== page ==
Drugs, Pregnancy, and Lactation: New Weight Loss Drugs


The need for effective weight management medications as an adjunct to diet and exercise has escalated in the United States as obesity has reached epidemic proportions.

However, in recent years, several Food and Drug Administration–approved medications for weight loss have been plagued with safety concerns and many have been removed from the market, leaving clinicians with limited choices for treatment of overweight or obese patients.

In 2012, two new weight loss medications were approved by the FDA – the first new medications approved for this indication in over a decade (N. Engl. J. Med. 2012;367:1577-9).

As of February 2013, one of the two products, a combination product containing the anorexant phentermine and the anticonvulsant topiramate in an extended-release form, is currently available by prescription in the United States. Marketed as Qysmia, the product is intended to be used together with a reduced-calorie diet and increased physical activity for chronic weight management in adults with an initial body mass index of 30 kg/m2 or greater (obese).

The medication is also indicated for adults with a BMI of 27 or greater (overweight) who also have at least one weight-related medical condition such as high blood pressure, type 2 diabetes, or high cholesterol. The recommended starting daily dose contains 3.75 mg of phentermine and 23 mg of topiramate; the maximum dose contains 15 mg of phentermine and 92 mg of topiramate.

In part, due to concerns about the teratogenicity of topiramate, Qysmia has been designated a category X drug, and specific pregnancy prevention measures in the form of a Risk Evaluation and Mitigation Strategy (REMS) have been put in place. The medication can be obtained only by prescription obtained directly from a health care provider, and providers receive training on the risks of birth defects. A prescription for Qysmia can only be filled by specially certified mail order pharmacies in the United States.

Educational materials indicate that the drug should not be prescribed to women who are pregnant or who are planning on becoming pregnant. Women who are not planning pregnancy but have the potential to become pregnant should have a negative pregnancy test before starting the drug and again every month while taking the drug, and they should use an effective method or combination of methods of contraception. The manufacturer has also initiated a pregnancy surveillance system.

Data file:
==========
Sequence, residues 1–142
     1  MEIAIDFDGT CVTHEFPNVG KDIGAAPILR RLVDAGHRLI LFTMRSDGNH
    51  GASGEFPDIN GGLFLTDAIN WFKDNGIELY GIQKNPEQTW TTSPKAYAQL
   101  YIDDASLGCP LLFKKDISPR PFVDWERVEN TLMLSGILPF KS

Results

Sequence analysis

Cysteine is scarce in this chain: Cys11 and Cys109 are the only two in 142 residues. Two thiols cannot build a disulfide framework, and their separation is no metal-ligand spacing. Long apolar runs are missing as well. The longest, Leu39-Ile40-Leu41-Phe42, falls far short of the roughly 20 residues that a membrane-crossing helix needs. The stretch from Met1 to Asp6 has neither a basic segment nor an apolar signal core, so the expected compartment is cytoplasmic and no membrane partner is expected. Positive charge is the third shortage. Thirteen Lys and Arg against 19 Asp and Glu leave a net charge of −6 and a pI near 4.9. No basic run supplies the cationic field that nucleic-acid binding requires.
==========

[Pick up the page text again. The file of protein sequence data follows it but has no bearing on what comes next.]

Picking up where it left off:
Given the likelihood that many women of reproductive age will use this medication, even with a REMS in place, the potential for unintentional exposure in pregnancy exists. In the inevitable event of an exposed pregnancy, what are the specific risks and their magnitude? The concern about birth defects with this medication stems from previously published data suggesting that topiramate used in monotherapy for other indications, most commonly epilepsy, is associated with an increased risk for oral clefts (cleft lip with or without cleft palate). Although numbers are still small, a few studies have suggested the risk for oral clefts, with the most recent a large pooled case-control analysis from two data sources in the United States (Am. J. Obstet. Gynecol. 2012;207:405e1-7). The pooled estimate of the risk of oral clefts was 5.36 with very wide confidence intervals (1.49-20.07), based on seven exposed children with cleft lip with or without cleft palate. To the extent that this estimate is correct, this translates to an absolute risk of about 5 in 1,000 first-trimester topiramate-exposed pregnancies, compared with a baseline risk of about 1 in 1,000 in unexposed pregnancies.

Published studies of topiramate and oral clefts have not involved sufficient numbers of exposed and affected children to allow examination of a dose threshold; however, the range of recommended doses for seizure prevention in adults treated with topiramate monotherapy (50-400 mg/day) overlaps with the dosing range of topiramate contained in Qysmia. It is important to note that based on the published reports suggesting an increased risk for oral clefts, the pregnancy category for topiramate alone was recently changed from a C to a D, while the pregnancy category for Qysmia is an X. The rationale behind the category D is likely that the benefits of topiramate might outweigh the risks in a pregnant woman with a seizure disorder for whom topiramate is the only effective medication. However, topiramate use for weight loss would typically never be indicated in pregnancy.

The second drug, lorcaserin (Belviq), is a single-ingredient serotonergic medication – a selective agonist of the 5-HT2C receptor. Lorcaserin was approved by the FDA in 2012, but as of February 2013, it is not yet available in the United States. This medication also received a pregnancy category X designation; however, in this situation, it was presumably for the sole reason that intentional weight loss in pregnancy is not recommended. Preclinical data for lorcaserin did not suggest teratogenicity, but maternal exposure in rats late in gestation resulted in lower pup body weight that persisted into adulthood.


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